“Don’t Make It Demanding”
A fool gives full vent to his spirit,
But a wise man quietly holds it back.
An immature person makes too many demands on others.
In a forum there are several things I find too demanding. You may have a different opinion. It depends on the context and the relationship. But if you think you may be too demanding—ask.
Please don’t post a five-paragraph essay on a forum.
Someone might read it, but only begrudgingly. Do it too often and people will begin to ignore everything you say. Here’s the worst case I’ve seen:
There was a forum with 20+ worship leaders participating. One young man felt the need to refute each of the other participants individually. You could count on it that every time someone posted he would respond with 800 words about where they were right and where they were wrong. Truly.
When you speak, you make a demand.
By the very act of speaking you are asserting that others should focus on you because you know something they don’t know. Let that sink in. There is a reason Job’s young friend Elihu spoke last (Job 32:4). To speak is to make a demand, so measure your words carefully.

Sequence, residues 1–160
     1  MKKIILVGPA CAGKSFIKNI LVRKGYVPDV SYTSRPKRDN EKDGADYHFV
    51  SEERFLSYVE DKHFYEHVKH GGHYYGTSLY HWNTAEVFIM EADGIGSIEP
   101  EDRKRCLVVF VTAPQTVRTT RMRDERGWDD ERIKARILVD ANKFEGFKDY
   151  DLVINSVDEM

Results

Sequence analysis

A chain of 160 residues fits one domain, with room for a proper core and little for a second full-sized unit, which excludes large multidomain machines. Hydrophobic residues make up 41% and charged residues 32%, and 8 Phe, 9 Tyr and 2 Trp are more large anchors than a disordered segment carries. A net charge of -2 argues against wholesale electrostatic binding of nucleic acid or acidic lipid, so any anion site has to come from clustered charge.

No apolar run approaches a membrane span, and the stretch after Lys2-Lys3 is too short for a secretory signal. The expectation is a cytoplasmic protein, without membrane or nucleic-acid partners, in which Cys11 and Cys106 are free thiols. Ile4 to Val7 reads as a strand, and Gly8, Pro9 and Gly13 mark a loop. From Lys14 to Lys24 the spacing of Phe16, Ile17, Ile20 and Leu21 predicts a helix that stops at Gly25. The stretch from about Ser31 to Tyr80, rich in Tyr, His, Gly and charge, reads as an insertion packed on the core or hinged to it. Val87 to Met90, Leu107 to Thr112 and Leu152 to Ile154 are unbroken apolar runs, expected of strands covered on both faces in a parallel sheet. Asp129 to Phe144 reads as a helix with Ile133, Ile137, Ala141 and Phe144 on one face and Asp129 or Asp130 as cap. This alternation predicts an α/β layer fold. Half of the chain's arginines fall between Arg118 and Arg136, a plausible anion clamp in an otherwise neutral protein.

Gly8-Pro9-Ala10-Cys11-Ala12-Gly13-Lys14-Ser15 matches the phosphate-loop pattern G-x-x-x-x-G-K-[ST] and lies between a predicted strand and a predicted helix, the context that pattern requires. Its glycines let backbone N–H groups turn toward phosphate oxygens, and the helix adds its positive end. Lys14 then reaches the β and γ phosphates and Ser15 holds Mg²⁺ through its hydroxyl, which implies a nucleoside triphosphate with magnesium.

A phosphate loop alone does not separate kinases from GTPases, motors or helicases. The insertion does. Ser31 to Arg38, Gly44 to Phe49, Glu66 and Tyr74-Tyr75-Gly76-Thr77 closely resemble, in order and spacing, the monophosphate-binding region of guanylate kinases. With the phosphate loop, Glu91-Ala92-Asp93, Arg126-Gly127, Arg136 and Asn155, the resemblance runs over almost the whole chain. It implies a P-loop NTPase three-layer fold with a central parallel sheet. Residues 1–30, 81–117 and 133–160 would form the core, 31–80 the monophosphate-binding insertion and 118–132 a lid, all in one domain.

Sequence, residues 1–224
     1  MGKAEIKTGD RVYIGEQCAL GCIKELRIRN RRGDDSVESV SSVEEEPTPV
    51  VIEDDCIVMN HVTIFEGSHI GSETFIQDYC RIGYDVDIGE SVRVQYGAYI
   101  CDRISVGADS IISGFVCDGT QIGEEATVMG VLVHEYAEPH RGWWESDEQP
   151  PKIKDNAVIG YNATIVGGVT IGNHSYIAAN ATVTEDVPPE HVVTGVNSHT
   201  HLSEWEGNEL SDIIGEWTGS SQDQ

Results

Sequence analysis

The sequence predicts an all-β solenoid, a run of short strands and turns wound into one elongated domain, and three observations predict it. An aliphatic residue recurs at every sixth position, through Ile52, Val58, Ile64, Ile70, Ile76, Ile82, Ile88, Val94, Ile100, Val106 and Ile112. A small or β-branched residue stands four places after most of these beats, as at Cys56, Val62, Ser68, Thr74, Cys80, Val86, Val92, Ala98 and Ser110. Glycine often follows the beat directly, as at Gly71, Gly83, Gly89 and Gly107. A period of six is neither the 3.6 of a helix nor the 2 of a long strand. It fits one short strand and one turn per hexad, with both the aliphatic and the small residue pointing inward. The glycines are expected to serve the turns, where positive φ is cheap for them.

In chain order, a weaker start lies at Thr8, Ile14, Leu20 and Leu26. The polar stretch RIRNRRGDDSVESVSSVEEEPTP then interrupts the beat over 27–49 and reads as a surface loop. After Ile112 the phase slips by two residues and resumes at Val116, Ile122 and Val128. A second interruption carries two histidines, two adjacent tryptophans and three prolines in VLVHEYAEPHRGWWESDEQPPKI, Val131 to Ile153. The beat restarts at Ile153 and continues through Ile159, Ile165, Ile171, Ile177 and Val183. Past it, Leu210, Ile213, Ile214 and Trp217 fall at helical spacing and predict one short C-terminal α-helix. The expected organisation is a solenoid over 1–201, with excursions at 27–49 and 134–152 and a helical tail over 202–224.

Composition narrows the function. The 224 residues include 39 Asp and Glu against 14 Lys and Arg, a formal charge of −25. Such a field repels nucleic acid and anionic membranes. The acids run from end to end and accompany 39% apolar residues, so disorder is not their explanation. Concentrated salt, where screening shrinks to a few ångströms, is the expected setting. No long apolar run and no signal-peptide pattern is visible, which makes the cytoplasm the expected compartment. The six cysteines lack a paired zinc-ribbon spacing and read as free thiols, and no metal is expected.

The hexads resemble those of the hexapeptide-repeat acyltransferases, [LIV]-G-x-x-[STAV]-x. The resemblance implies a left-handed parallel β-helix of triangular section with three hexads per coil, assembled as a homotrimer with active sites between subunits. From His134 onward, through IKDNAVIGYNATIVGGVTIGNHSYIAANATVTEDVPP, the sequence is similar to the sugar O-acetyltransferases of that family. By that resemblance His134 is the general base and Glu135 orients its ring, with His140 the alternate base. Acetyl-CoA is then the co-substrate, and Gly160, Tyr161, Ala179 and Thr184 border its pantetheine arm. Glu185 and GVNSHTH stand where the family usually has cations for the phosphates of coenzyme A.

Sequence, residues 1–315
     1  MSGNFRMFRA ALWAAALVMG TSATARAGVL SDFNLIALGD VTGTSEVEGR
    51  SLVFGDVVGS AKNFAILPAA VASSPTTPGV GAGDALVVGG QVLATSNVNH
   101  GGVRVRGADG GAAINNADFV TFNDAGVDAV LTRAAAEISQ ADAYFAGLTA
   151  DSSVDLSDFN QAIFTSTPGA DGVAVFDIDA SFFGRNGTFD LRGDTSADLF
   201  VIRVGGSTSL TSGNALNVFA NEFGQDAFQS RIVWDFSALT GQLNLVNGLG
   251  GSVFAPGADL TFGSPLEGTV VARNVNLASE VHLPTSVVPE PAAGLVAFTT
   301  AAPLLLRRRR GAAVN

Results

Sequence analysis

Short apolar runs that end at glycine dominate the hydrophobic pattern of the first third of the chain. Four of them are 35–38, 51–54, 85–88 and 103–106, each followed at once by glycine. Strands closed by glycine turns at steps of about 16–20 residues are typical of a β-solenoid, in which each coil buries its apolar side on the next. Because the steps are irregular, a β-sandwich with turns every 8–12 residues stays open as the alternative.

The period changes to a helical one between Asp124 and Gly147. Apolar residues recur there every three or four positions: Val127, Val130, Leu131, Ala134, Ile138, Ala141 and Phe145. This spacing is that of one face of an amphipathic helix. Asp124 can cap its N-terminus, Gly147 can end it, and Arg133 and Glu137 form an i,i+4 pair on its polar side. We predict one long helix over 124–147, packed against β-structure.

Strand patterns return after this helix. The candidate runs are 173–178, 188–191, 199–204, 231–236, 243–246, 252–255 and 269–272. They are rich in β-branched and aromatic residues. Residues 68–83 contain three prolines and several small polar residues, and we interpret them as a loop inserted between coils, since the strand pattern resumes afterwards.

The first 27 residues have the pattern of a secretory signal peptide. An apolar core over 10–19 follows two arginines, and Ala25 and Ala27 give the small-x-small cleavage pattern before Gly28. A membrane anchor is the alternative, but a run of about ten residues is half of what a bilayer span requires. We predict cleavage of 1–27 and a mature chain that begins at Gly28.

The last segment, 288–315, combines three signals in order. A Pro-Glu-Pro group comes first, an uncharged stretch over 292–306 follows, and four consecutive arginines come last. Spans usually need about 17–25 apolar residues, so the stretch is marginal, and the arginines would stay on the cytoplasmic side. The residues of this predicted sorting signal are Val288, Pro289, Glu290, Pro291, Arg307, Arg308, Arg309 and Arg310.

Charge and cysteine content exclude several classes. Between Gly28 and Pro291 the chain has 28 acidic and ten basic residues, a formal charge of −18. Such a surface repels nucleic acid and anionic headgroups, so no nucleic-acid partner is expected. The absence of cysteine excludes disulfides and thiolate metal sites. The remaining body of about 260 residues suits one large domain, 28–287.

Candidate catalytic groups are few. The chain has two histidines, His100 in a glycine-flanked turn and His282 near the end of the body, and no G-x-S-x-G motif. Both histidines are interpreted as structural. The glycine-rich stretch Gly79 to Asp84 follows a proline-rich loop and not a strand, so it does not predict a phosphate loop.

Don’t make demanding assumptions.
Don’t assume people have read every preceding item on the forum. Maybe they skimmed. Maybe they read part of it two days ago and they don’t remember it. If you want the forum to be an inviting place, don’t tell them they need to go back and read or reread everything. That would be overly demanding.
Likewise, if you post a link to an article or video, you can’t demand that anyone read it or watch it. They didn’t come to the forum to get a homework assignment. Do post external links. But don’t try to control people.
The biggest offender: Don’t ask demanding questions.
This means: don’t ask too many questions. Group participation is a value, so ask the group a question. If you need to single out an individual for a question, make sure you don’t make it personal. Pose questions casually to leave the person a way out if they don’t want to answer.
Remember that a question is a demand.
My favorite hero here is Robert Goren of “Law and Order: Criminal Intent.” His job is to interrogate people. But he doesn’t pepper the suspect with questions. He is selective. He goes into the interrogation already knowing who did the crime. The questions are not about what he needs to know. They are about what the other person needs to go on record as saying. It’s crafty. Goren understands that you can either close people down or open them up, depending on what kind of question you ask.
Finally, don’t ask rhetorical questions.
For a variety of reasons, these are unhelpful. A rhetorical question tends to sound sarcastic, and that’s hard to pull off over social media. The reader doesn’t have much information to go on. He may think your rhetorical question is sincere, in which case he will question your intelligence. Rhetorical questions can be interpreted multiple ways, so they are the opposite of clarity.
Be plain. Be clear. Be brief. Don’t make it demanding.